The difference is in the chemistry; a Lithium battery is a disposable power source composed of lithium metal compounds – the keyword, here, being disposable; Lithium batteries cannot be recharged.
Lithium-Ion batteries, on the other hand, are intercalated, meaning the lithium-ion inside the battery moves between two internal electrodes. This movement or reversibility of the lithium-ion accounts for the battery's rechargeability. You can also buy Lithium Ion Batteries and Li-Ion Rechargeable Batteries from online sources.
What are the benefits of Lithium Ion Technology?
Hold a lot of power and are surprisingly light-weight, especially with consideration to other rechargeable batteries.
Combine single-cell technology with a greater energy reservoir than Nickel Metal Hydride and Nickel Cadmium batteries. They store more power for their size than both NiCad and NiMH.
Hold their charge for significantly longer than other comparable batteries, and provide steady power until that charge is completely gone. Other batteries gradually and consistently lose power as you work. Li-Ion batteries stay strong until the last push.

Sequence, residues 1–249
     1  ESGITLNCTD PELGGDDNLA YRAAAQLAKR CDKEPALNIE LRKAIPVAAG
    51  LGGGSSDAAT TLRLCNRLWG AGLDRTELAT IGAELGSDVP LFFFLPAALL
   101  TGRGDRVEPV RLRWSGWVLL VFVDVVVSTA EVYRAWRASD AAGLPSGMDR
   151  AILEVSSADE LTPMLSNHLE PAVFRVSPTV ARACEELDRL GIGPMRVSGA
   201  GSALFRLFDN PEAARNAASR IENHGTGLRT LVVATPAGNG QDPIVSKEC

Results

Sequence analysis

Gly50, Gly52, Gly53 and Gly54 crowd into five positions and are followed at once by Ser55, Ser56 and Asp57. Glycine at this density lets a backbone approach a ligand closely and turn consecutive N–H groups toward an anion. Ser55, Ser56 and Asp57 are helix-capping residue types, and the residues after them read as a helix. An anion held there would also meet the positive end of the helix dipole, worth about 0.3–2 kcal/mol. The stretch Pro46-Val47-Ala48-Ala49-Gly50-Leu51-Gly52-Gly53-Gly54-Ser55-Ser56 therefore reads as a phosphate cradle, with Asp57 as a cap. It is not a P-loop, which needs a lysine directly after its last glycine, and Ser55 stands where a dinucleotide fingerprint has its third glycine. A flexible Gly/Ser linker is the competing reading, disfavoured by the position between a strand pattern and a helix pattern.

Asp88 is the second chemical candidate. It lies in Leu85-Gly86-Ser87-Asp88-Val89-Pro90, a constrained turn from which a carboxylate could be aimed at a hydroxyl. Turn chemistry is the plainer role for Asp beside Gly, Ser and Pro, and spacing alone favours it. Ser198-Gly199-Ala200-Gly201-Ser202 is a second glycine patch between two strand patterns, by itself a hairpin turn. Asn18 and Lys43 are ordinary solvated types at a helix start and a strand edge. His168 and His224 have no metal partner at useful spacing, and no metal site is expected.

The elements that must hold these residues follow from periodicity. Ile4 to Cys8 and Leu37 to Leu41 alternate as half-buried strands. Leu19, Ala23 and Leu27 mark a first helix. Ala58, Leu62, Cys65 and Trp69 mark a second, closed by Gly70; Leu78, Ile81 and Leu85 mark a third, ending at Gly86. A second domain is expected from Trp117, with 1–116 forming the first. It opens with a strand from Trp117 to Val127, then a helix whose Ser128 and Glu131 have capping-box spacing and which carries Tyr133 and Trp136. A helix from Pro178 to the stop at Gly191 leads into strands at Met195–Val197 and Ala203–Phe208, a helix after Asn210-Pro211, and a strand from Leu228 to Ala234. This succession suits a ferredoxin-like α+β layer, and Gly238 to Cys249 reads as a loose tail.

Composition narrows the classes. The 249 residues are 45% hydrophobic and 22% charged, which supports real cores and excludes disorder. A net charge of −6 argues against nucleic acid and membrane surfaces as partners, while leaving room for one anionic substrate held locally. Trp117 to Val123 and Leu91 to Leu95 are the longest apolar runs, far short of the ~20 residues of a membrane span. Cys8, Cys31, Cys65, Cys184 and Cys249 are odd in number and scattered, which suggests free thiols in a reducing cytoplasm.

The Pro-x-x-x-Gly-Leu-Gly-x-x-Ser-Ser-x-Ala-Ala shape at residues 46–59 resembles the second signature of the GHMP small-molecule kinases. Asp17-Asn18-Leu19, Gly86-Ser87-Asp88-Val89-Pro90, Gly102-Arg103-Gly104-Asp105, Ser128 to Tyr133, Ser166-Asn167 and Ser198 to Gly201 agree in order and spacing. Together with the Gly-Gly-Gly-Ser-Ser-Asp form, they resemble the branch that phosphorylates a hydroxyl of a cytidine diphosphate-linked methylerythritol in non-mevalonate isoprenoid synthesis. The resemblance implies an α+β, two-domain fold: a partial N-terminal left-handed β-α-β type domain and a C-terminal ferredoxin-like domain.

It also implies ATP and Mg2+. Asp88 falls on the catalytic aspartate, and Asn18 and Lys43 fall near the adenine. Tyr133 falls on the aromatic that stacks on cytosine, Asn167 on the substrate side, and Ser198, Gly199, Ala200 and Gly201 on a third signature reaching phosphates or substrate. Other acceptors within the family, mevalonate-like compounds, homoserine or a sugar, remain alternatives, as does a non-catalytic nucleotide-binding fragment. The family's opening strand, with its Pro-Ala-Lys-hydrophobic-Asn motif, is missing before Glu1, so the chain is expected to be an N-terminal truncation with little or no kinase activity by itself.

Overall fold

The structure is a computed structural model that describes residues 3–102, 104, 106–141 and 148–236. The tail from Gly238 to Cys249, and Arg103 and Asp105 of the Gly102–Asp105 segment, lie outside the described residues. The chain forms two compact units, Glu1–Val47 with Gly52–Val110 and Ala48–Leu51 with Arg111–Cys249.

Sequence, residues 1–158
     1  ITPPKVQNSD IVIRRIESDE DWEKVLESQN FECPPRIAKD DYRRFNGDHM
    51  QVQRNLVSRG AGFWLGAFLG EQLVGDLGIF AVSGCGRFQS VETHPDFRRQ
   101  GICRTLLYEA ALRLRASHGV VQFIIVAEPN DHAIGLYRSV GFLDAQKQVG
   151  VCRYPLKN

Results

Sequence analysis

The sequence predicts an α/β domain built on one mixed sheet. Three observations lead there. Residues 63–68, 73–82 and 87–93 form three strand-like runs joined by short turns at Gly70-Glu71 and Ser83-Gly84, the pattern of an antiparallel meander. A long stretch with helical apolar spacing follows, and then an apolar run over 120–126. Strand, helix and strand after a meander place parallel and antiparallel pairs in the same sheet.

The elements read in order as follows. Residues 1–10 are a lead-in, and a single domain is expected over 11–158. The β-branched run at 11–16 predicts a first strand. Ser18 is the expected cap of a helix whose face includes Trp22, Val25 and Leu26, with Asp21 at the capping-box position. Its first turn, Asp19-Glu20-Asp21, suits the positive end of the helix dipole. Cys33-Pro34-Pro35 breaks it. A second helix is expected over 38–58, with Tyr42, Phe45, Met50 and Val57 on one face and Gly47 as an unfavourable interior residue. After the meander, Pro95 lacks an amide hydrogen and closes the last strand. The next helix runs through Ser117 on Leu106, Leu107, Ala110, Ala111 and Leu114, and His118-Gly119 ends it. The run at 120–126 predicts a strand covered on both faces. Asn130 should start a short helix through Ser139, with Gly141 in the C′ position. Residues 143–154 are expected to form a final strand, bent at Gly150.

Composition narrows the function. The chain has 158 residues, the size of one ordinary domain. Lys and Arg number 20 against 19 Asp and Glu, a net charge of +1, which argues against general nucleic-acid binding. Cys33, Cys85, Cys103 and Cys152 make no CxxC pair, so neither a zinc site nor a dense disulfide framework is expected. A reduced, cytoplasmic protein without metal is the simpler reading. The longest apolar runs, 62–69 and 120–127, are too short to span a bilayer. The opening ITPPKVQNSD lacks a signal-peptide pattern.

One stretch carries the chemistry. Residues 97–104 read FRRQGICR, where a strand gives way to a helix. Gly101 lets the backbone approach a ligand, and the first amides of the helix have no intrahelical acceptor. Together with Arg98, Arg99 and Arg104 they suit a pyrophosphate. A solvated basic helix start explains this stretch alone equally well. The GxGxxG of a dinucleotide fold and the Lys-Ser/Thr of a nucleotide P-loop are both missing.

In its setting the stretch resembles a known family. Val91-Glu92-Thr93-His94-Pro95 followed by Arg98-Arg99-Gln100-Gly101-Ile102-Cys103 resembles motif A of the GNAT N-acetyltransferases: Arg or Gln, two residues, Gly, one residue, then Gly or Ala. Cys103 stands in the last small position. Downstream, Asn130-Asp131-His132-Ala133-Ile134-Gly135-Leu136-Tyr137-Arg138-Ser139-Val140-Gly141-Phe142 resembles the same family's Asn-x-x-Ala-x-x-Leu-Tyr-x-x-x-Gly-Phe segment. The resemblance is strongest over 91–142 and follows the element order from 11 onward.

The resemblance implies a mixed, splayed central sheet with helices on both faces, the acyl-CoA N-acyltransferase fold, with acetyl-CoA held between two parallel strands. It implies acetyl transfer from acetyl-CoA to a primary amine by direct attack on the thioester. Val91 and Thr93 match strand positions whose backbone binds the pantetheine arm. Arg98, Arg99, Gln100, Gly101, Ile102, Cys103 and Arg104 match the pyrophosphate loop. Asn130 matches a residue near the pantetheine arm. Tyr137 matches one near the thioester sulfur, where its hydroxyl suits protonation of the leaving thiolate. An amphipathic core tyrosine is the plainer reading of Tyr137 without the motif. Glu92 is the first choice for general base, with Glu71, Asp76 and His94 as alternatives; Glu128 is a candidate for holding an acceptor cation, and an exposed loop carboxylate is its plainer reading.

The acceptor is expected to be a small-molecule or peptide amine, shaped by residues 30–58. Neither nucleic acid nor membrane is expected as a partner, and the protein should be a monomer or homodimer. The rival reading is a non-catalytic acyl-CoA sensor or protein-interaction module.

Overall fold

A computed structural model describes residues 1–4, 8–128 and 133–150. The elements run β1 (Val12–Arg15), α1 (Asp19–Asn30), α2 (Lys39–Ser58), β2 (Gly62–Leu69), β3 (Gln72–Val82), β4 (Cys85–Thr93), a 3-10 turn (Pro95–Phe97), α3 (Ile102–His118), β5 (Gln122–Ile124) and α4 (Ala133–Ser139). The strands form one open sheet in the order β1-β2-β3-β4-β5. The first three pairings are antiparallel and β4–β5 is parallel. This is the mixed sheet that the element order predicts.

Are there disadvantages to using Lithium-Ion Batteries?
The disadvantages of using Li-Ion technology are generally few and far between, and technological advancements are making them even less so. Manufacturers have recently improved the Lithium-Ion recipe to reveal a more reliable battery. Still, every giant has its weaknesses:
Li-Ion batteries are sensitive to intense hot and cold temperatures. In extreme temperature conditions, the battery will degrade more quickly.
Li-Ion batteries degrade regardless of frequency of use.
Although these defects are more applicable to the older Lithium-Ion batteries, the possibility of seeing these problems is still worth noting. Fortunately, these said defects are fairly rare and easily avoided.